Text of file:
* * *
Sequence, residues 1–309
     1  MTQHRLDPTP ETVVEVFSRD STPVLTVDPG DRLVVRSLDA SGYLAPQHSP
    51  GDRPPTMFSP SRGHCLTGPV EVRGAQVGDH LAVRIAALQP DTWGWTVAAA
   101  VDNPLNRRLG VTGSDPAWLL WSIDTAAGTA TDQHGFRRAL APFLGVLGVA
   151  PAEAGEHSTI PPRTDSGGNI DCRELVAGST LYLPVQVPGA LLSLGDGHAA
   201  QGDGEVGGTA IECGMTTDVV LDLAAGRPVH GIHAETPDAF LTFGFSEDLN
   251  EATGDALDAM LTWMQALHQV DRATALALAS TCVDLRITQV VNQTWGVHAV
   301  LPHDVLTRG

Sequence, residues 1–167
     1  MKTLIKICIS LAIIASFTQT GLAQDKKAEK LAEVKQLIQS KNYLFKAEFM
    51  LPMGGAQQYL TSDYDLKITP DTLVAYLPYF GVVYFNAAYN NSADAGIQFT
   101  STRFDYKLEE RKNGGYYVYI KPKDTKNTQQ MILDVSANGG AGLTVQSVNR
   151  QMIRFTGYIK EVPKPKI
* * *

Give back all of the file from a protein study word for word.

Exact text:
Sequence, residues 1–309
     1  MTQHRLDPTP ETVVEVFSRD STPVLTVDPG DRLVVRSLDA SGYLAPQHSP
    51  GDRPPTMFSP SRGHCLTGPV EVRGAQVGDH LAVRIAALQP DTWGWTVAAA
   101  VDNPLNRRLG VTGSDPAWLL WSIDTAAGTA TDQHGFRRAL APFLGVLGVA
   151  PAEAGEHSTI PPRTDSGGNI DCRELVAGST LYLPVQVPGA LLSLGDGHAA
   201  QGDGEVGGTA IECGMTTDVV LDLAAGRPVH GIHAETPDAF LTFGFSEDLN
   251  EATGDALDAM LTWMQALHQV DRATALALAS TCVDLRITQV VNQTWGVHAV
   301  LPHDVLTRG

Sequence, residues 1–167
     1  MKTLIKICIS LAIIASFTQT GLAQDKKAEK LAEVKQLIQS KNYLFKAEFM
    51  LPMGGAQQYL TSDYDLKITP DTLVAYLPYF GVVYFNAAYN NSADAGIQFT
   101  STRFDYKLEE RKNGGYYVYI KPKDTKNTQQ MILDVSANGG AGLTVQSVNR
   151  QMIRFTGYIK EVPKPKI